The story of the curse of Mercie Dale begins around 1800 in Braintree, Mass. Mercie’s daughter Silence had married William Hayden in 1798, and she moved to Albany, Vt., in 1801, with her daughter and son-in-law.
Mercie Dale helped William financially and he initially prospered in his new home. He built a spinning and weaving mill and served as a militia captain and selectmen. He became the town’s highway surveyor, and in exchange for his services he received payment in land.
The Haydens would amass land holdings of more than 900 acres during their time in Vermont. But while William had ambition, he struggled to manage his affairs and had to turn to Mercie for help in paying his debts. She loaned him money, but he never repaid the loans.
In the 1820s and 30s, William’s financial troubles dogged him in numerous lawsuits, seeking repayment of debts. He would eventually flee to Canada to escape his debts and died in upstate New York.
Marcie Dale Curses Her Son-in-Law
Mercie, meanwhile, exasperated at her son-in-law’s inability to repay her, grew ill. She suspected William was secretly poisoning her and her temper reached a breaking point. She cursed the Hayden family name: “The Hayden name shall die in the third generation, and the last to bear the name shall died in poverty.”
Mercie Dale moved in with a neighbor, Sarah Rogers, who looked after her until she died in 1872 at age 94. She procured a burial plot in the Rogers’ family cemetery. The Hayden family fortunes, however, were about to take a turn for the better.
William and Silence’s son William, known as Will, embarked on a career as a contractor, and he got a job building sections of a new railroad line stretching from Nashua, N.H., to Quebec. The lucrative work turned Will into a very wealthy man. He built hundreds of miles of railroad track as far away as Michigan.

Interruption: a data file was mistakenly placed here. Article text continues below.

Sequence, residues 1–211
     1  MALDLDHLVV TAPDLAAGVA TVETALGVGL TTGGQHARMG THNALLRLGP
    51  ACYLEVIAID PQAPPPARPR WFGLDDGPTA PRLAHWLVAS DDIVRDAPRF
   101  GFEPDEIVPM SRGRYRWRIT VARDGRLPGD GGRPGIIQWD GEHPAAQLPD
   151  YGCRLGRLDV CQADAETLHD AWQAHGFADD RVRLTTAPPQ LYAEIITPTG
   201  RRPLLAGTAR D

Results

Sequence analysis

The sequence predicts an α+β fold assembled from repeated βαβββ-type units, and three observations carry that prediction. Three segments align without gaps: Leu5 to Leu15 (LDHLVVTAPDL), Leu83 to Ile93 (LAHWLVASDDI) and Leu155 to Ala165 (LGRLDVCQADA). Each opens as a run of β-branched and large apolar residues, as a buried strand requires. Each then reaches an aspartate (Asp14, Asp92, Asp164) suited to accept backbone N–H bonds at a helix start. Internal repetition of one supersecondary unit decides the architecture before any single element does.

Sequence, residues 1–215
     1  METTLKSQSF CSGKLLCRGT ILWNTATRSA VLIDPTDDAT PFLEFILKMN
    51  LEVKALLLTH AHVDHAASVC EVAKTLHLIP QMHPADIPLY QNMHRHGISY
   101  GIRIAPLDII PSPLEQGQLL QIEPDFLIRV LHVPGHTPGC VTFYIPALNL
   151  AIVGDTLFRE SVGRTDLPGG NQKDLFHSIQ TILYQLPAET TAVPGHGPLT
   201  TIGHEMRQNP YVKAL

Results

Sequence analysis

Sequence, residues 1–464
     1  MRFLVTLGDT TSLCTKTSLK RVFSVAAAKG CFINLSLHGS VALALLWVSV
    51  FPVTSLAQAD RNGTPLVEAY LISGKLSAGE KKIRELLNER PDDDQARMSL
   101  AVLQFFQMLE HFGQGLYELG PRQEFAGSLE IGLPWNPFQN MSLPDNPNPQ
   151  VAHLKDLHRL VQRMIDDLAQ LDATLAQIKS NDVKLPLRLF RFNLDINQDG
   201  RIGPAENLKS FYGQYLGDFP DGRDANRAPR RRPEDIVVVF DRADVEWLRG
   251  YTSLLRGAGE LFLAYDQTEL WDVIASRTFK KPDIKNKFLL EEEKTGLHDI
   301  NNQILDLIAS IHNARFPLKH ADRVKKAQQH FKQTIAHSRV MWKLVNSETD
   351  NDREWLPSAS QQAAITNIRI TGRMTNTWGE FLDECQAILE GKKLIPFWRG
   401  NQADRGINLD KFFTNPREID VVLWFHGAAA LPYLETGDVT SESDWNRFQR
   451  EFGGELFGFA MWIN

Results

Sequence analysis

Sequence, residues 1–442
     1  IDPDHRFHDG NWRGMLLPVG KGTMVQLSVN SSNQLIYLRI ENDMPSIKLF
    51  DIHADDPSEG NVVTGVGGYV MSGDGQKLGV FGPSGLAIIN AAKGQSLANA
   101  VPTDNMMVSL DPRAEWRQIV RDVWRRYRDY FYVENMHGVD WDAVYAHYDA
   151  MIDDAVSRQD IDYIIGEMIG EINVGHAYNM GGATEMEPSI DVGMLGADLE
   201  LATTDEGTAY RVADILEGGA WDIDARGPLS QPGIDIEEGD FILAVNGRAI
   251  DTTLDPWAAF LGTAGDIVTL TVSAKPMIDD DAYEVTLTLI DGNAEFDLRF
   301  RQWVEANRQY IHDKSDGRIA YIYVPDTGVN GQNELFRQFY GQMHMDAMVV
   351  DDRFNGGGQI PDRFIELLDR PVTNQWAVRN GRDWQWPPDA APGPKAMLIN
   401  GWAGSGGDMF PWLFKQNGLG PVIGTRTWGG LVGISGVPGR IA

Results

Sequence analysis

A Mansion Springs Up
In the early 1850s, he and his wife Azubah decided to make their mark in the town of Albany, Vt. He swore he would build a grand mansion to “show the foals in Albany what money could do.” And indeed he did.
The Hayden family mansion was an ornate Greek revival structure. It featured marble fireplaces that disguised a modern central heating system. The house’s dining room could seat 30. And the entire third floor was a ballroom. Its floor was specially constructed with an 18-inch gap underneath so that it could withstand large crowds without damaging the ceiling below.
The house was completed in 1854, and gave Will great pleasure. He was fond of telling guests that he owned all the land as far as the eye could see, and his wife and daughter often toured the town in a grand carriage. Parties and balls at the Hayden house were regular events. Mercie’s curse would seem to be just a far away memory. But that would soon change. The next generation of Haydens would see to the fulfillment of her curse.
The Beginning of the End
Over the next decades, the members of the Hayden family began dying off, some unexpectedly and others succumbing to old age. First Will died and then Azbulah in 1892. A family fight broke out over who controlled the fortune. Henry, Will’s son, was accused of burning papers that showed how the Hayden fortune was supposed to be divided and conspiring with a brother-in-law to swindle his relatives. Some even believed that Henry had stolen the fortune and hidden it.
A remarkably small amount of money remained, and Henry apparently frittered it away in a lavish lifestyle that ended in 1910 with he and his daughter Mamie impoverished. The family litigation didn’t end until 1915, and by 1927 the mansion that Will built had been sold and the family snuffed out. It would sit in a rundown state for many years, a potent reminder of Mercie Dale’s curse.
Thanks to: Mischief in the Mountains, by Walter R. Hard, Janet C. Greene